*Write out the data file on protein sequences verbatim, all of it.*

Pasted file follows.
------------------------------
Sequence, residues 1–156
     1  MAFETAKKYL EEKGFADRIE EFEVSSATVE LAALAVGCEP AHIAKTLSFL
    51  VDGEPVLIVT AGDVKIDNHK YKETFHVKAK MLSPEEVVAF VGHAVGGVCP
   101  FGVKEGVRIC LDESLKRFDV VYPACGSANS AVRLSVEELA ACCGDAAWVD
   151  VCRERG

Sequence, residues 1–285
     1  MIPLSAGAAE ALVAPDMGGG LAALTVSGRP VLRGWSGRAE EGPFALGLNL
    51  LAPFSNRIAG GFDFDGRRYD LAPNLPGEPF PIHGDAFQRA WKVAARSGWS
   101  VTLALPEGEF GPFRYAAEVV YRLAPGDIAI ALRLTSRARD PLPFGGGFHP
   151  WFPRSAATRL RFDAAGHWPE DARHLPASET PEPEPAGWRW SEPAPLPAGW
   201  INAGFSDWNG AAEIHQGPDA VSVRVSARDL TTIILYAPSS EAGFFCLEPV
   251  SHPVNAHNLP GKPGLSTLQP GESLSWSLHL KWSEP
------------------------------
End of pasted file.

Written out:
Sequence, residues 1–156
     1  MAFETAKKYL EEKGFADRIE EFEVSSATVE LAALAVGCEP AHIAKTLSFL
    51  VDGEPVLIVT AGDVKIDNHK YKETFHVKAK MLSPEEVVAF VGHAVGGVCP
   101  FGVKEGVRIC LDESLKRFDV VYPACGSANS AVRLSVEELA ACCGDAAWVD
   151  VCRERG

Sequence, residues 1–285
     1  MIPLSAGAAE ALVAPDMGGG LAALTVSGRP VLRGWSGRAE EGPFALGLNL
    51  LAPFSNRIAG GFDFDGRRYD LAPNLPGEPF PIHGDAFQRA WKVAARSGWS
   101  VTLALPEGEF GPFRYAAEVV YRLAPGDIAI ALRLTSRARD PLPFGGGFHP
   151  WFPRSAATRL RFDAAGHWPE DARHLPASET PEPEPAGWRW SEPAPLPAGW
   201  INAGFSDWNG AAEIHQGPDA VSVRVSARDL TTIILYAPSS EAGFFCLEPV
   251  SHPVNAHNLP GKPGLSTLQP GESLSWSLHL KWSEP